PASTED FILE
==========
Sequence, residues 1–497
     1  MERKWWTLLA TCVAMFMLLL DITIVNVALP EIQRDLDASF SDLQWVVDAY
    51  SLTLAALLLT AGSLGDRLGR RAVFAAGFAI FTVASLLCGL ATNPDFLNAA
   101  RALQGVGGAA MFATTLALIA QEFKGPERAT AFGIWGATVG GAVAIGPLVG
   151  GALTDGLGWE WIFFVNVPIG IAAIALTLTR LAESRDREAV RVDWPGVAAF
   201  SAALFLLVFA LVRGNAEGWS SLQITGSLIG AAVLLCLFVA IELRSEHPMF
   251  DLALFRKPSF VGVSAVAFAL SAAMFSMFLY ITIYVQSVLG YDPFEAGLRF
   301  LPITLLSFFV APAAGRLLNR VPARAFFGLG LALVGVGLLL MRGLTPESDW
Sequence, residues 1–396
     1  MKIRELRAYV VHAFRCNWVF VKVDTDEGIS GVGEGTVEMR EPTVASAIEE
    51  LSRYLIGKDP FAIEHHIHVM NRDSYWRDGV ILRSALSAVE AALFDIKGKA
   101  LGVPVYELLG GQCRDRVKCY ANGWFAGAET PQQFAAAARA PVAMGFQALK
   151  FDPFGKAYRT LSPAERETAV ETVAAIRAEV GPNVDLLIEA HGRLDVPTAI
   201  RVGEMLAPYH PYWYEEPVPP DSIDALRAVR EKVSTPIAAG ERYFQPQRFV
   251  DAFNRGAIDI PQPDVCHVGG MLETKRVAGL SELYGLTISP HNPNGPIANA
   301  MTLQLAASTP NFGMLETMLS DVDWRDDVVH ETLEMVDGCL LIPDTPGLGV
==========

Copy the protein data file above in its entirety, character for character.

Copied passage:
Sequence, residues 1–497
     1  MERKWWTLLA TCVAMFMLLL DITIVNVALP EIQRDLDASF SDLQWVVDAY
    51  SLTLAALLLT AGSLGDRLGR RAVFAAGFAI FTVASLLCGL ATNPDFLNAA
   101  RALQGVGGAA MFATTLALIA QEFKGPERAT AFGIWGATVG GAVAIGPLVG
   151  GALTDGLGWE WIFFVNVPIG IAAIALTLTR LAESRDREAV RVDWPGVAAF
   201  SAALFLLVFA LVRGNAEGWS SLQITGSLIG AAVLLCLFVA IELRSEHPMF
   251  DLALFRKPSF VGVSAVAFAL SAAMFSMFLY ITIYVQSVLG YDPFEAGLRF
   301  LPITLLSFFV APAAGRLLNR VPARAFFGLG LALVGVGLLL MRGLTPESDW
Sequence, residues 1–396
     1  MKIRELRAYV VHAFRCNWVF VKVDTDEGIS GVGEGTVEMR EPTVASAIEE
    51  LSRYLIGKDP FAIEHHIHVM NRDSYWRDGV ILRSALSAVE AALFDIKGKA
   101  LGVPVYELLG GQCRDRVKCY ANGWFAGAET PQQFAAAARA PVAMGFQALK
   151  FDPFGKAYRT LSPAERETAV ETVAAIRAEV GPNVDLLIEA HGRLDVPTAI
   201  RVGEMLAPYH PYWYEEPVPP DSIDALRAVR EKVSTPIAAG ERYFQPQRFV
   251  DAFNRGAIDI PQPDVCHVGG MLETKRVAGL SELYGLTISP HNPNGPIANA
   301  MTLQLAASTP NFGMLETMLS DVDWRDDVVH ETLEMVDGCL LIPDTPGLGV